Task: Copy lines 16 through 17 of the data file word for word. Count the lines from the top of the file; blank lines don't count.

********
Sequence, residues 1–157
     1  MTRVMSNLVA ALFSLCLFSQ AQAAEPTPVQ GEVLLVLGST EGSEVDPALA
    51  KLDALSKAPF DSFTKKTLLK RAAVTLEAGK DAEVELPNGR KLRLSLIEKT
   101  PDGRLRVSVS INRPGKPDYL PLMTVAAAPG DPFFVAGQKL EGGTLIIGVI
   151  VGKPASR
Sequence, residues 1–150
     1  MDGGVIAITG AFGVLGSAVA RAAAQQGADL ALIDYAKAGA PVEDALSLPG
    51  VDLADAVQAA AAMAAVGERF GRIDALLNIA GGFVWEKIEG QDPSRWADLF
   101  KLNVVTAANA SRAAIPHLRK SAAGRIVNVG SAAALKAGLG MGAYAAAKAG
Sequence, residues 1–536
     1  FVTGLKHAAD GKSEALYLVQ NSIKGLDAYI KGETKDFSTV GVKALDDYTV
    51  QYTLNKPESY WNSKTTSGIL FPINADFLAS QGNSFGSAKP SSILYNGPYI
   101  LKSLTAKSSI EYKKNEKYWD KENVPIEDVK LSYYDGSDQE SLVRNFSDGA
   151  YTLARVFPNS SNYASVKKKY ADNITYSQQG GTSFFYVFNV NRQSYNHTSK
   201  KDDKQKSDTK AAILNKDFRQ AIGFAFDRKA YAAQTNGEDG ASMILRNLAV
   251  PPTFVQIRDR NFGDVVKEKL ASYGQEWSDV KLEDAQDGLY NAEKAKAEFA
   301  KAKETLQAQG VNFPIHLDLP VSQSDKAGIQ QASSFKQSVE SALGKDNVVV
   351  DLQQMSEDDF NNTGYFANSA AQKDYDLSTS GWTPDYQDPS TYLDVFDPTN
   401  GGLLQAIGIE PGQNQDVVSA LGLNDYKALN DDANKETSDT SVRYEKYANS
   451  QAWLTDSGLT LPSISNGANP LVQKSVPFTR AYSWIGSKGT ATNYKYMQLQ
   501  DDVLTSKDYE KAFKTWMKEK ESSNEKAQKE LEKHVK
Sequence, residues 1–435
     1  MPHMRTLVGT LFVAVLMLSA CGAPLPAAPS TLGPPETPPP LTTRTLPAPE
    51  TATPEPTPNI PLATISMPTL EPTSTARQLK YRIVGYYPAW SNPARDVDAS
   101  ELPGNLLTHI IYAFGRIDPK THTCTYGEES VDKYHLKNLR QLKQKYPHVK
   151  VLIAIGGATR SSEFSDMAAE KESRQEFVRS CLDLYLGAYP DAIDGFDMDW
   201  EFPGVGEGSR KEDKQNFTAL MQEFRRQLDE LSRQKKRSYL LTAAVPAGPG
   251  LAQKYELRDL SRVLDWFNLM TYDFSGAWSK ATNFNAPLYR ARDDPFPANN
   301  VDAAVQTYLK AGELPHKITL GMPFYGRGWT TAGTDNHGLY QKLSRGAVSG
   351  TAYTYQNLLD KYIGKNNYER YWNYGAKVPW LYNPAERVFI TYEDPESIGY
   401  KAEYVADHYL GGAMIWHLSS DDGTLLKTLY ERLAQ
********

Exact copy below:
   251  PPTFVQIRDR NFGDVVKEKL ASYGQEWSDV KLEDAQDGLY NAEKAKAEFA
   301  KAKETLQAQG VNFPIHLDLP VSQSDKAGIQ QASSFKQSVE SALGKDNVVV